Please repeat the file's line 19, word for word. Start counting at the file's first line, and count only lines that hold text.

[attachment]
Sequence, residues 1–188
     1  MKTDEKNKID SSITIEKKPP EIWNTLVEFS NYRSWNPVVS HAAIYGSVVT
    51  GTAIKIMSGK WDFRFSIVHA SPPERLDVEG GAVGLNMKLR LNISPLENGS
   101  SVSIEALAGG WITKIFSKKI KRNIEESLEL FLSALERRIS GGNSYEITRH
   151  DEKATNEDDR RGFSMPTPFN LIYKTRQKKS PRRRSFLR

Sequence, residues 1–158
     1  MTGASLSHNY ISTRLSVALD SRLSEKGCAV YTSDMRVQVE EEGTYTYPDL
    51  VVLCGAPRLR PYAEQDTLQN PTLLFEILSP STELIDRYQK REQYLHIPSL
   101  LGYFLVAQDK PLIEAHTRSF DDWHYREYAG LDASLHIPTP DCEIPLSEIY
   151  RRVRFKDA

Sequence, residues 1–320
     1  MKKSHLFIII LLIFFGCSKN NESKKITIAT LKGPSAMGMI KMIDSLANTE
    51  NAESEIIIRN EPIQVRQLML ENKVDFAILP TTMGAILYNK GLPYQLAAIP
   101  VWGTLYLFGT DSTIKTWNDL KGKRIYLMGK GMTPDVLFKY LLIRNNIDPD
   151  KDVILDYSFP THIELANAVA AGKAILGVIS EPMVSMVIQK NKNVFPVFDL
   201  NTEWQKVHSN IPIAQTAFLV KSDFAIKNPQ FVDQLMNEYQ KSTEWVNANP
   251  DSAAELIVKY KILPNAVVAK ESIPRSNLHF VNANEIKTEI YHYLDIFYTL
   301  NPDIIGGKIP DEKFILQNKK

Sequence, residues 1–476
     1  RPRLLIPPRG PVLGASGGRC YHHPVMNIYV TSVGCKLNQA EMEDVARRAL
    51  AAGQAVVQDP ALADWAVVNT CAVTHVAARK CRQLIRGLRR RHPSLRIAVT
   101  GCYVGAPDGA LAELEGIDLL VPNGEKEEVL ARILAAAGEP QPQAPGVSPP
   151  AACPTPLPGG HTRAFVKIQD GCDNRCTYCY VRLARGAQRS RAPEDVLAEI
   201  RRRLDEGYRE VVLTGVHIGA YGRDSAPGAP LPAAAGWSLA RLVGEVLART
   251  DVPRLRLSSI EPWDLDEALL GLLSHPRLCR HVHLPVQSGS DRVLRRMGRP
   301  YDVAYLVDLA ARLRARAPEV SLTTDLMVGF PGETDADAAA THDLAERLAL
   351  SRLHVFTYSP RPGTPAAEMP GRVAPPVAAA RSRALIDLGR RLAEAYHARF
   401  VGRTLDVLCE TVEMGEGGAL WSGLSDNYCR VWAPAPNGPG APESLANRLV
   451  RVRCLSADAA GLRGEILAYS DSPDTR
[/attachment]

Sequence, residues 1–476